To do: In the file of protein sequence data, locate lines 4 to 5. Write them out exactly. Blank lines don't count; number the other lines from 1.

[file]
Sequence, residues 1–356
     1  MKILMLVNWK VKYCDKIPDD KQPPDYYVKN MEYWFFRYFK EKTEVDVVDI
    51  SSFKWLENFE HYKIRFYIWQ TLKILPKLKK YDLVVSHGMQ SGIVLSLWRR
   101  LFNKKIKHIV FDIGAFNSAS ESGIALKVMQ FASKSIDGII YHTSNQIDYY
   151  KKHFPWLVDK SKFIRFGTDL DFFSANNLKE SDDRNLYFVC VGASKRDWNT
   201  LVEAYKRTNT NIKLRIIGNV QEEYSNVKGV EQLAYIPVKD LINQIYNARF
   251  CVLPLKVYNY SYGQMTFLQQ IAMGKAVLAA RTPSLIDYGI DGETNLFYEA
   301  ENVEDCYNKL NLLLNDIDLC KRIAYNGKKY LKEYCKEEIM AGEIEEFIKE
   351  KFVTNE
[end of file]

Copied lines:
   101  LFNKKIKHIV FDIGAFNSAS ESGIALKVMQ FASKSIDGII YHTSNQIDYY
   151  KKHFPWLVDK SKFIRFGTDL DFFSANNLKE SDDRNLYFVC VGASKRDWNT